How To Have A Winning Estimation Jar!

       My students love it our weekly Estimation Jar! The competition motivates them and, up until this year, so did the candy treat for the closest estimate!  

     This year, I'll try more inedible treats like I've seen on TpT and Pinterest. Winning a pass to sit with a friend, extra computer time, or permission to take off your shoes really motivates my kids.

What To Estimate

     I rotate between the Standard and Metric systems. I hit all of the attributes: length, capacity, and weight for Standard; length, volume, and mass for Metric. We estimate things like:
     I fill the Estimation Jar each Monday and write a specific question on a student slate. I often tape a tablespoon, ruler, or cup to the jar to help students visualize.  A pail of blank papers and a pail for each homeroom class completes the arrangement.

     Note: Some items are better displayed where kids can handle them. For Standard weight and Metric mass, I might use a stapler or a book. I would tape an ounce or gram chip for them to use for comparison.

     Each Friday, I quickly put all the guesses in order by homeroom. We discuss the question and some of the answers before I announce the winner. My students really look forward to it. I believe it strengthens their measurement and estimation skills. The regular practice keeps it uppermost in our minds.

     Consider an Estimation Jar for your classroom. You'll see it help strengthen your students' math skills.  Start counting!

Growing Grade By Grade
Share :

Take Attendance AND Lunch Count In One Step!

     Nothing chaps my hide like when the office calls to remind me to send in my attendance and lunch count. I get so mad at myself that I can't find a way to remember this daily chore.
     I'm trying this idea to take attendance and count lunch choices in one step.  On the side of a filing cabinet, I taped the "School Lunch" and "Lunch Box" signs, plus the dividing lines.  I wrote student names on colored craft sticks and added a piece of magnetic tape to the back. 

     As students arrive each morning, they will place their craft stick in the correct area.  I'll know who is absent if a stick is not moved.  We'll see how it works!

Growing Grade By Grade
Share :

A Class Community Idea: Drop a Note for a Friend!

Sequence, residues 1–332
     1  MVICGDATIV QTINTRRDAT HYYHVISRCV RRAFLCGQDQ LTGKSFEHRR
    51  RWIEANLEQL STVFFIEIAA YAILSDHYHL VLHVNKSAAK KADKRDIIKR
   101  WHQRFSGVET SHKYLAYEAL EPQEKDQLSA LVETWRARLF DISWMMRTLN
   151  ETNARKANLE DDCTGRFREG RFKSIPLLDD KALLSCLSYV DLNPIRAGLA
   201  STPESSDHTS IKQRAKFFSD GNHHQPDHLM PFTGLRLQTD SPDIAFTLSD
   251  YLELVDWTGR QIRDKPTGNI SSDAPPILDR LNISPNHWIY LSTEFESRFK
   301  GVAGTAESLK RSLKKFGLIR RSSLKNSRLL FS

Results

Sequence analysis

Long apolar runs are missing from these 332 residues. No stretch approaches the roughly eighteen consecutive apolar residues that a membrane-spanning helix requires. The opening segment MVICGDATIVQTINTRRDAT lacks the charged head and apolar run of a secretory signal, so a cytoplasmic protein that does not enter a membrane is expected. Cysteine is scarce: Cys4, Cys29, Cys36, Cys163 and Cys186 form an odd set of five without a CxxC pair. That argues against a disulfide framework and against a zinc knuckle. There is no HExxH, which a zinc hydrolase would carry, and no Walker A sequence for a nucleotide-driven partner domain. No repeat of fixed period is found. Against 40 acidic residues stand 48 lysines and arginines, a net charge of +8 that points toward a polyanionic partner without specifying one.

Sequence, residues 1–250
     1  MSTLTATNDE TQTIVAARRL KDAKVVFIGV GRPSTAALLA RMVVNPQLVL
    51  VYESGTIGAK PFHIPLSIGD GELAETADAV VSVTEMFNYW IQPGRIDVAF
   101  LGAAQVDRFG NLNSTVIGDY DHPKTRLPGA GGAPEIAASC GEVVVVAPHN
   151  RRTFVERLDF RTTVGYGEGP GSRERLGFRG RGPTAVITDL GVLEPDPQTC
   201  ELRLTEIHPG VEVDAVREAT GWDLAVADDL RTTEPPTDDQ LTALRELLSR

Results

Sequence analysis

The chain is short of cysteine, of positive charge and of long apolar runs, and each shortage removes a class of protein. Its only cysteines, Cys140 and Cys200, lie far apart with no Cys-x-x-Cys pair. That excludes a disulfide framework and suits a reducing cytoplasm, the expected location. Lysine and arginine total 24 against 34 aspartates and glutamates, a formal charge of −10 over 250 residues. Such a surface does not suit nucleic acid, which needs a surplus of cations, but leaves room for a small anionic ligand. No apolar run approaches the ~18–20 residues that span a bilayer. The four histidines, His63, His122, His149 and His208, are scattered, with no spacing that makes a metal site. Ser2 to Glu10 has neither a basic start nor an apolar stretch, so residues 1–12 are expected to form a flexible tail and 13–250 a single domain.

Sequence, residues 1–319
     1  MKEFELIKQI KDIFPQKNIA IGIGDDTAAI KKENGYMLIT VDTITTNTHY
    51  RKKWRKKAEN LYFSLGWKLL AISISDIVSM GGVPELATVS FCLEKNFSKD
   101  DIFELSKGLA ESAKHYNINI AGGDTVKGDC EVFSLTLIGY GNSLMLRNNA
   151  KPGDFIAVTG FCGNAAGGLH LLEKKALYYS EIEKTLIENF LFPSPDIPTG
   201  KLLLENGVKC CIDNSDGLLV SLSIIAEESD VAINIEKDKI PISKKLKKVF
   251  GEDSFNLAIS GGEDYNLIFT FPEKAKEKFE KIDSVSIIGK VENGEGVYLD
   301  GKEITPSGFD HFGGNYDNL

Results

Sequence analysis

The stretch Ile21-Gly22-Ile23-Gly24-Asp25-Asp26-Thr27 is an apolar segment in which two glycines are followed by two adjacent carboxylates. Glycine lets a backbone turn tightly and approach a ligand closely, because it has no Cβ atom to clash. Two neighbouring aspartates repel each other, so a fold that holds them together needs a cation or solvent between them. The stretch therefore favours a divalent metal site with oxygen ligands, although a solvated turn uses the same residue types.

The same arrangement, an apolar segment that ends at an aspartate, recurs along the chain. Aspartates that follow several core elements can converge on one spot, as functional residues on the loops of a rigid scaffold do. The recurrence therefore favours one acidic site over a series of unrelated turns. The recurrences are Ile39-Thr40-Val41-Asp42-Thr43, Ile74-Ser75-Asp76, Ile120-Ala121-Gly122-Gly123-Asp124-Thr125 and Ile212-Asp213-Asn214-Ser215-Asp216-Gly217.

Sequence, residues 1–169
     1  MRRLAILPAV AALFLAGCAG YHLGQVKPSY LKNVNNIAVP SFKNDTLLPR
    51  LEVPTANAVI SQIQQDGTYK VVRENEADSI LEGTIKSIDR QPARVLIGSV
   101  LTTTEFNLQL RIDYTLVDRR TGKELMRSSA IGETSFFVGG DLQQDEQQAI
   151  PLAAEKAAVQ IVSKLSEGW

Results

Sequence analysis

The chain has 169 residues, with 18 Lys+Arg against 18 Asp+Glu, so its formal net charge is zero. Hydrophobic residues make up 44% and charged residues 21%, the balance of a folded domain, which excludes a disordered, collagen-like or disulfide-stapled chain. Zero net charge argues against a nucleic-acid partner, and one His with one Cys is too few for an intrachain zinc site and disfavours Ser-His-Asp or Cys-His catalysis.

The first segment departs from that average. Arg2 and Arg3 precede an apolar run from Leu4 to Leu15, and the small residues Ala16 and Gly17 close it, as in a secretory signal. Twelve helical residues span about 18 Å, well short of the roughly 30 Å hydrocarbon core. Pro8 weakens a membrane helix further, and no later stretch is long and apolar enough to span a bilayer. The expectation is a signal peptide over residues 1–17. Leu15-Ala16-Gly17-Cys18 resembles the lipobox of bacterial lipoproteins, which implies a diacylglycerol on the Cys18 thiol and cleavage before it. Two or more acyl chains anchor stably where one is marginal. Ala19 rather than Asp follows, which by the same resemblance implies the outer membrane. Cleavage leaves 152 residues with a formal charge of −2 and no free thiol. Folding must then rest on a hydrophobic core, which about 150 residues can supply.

I've found a class community idea that lets students report bullying, feel supported, and speak up for someone else.
     Our classroom "Drop a Note for a Friend" box gives students a low-risk way to share concerns about any bullying incidents they may be aware of and any instances of unkindness. The incidents can be directed at the reporting child him/herself or someone else.

   The anti-bullying program at our school teaches that "silent witnesses", the ones who are aware of bullying incidents but don't report them, are just as harmful - and accountable - as the bullies.

     The box is simple. I just repurposed a tissue box with a printed sign. It's in an out-of-the-way spot by my desk, so students can let me know what is happening to them or to others by dropping a note into the box without others seeing them do it. 

     Drop A Note For A Friend serves three purposes: 

1) the reporting student feels safer 

2) being aware allows me to keep an eye on specific situations and do a little friendly questioning

3) actual incidents get reported more frequently  

     Will I get some unsubstantiated claims?  It's possible, so being aware is even more important.  I like knowing that my students can communicate with me on this important issue.

     What do you do in your classroom to counter bullying and empower students?

     Subscribe to my newsletter and get access to more ideas, tips, and strategies for your classroom!
Growing Grade By Grade
Share :

Easy and Affordable: A 21st Century Lesson

     An easy and affordable way to integrate math, social studies, and 21st-century global awareness is to display several clocks, each one representing the time in another time zone. The large clock in my classroom is the one provided by the school. The smaller ones were $4 or $5 each at a dollar store or Wal-Mart.  Choose several different spots on the globe and find the time on a site such as  Add labels and you're done!

     Discussing time zones and calculating time can be several lessons.   It can also be a brain break when you ask questions such as (using my clocks below): 
  • When we go to lunch, what time will it be in London?   
  • What do you think students in California are doing right now?  
  • When students in Beijing go to bed, what are we doing?  
  • What are we doing when English students are having lunch?  
The possibilities are endless and fun!

(Looks like California is losing a little time; need to fix that!)

Growing Grade By Grade
Share :

Easy Back to School Bulletin Boards and Displays

     It's time to get ready for the new year!  This interactive bulletin board in the hallway outside my classroom displays inspirational quotes.  The bottom sign encourages students to write their feelings about any quote.  You'll see a little "pen pocket" to the right.

     Last year, I used a "Math Graffiti" theme for the whole year and changed out the question every few weeks (pics below).  I got a lot of interesting responses all year long!

Some of my favorite quotes!

Students (and teachers) can add their thoughts below.

Other captions might ask: What's your favorite number and why?  Write a fact about yourself that uses numbers. 

I'd love to hear about your bulletin boards!

Growing Grade By Grade
Share :
[name=Pat McFadyen] [img=] [description=My purpose is to support YOU and your students with practical solutions and curriculum materials that teach, play, practice, and assess.] (facebook=

Follow @georgialoustudios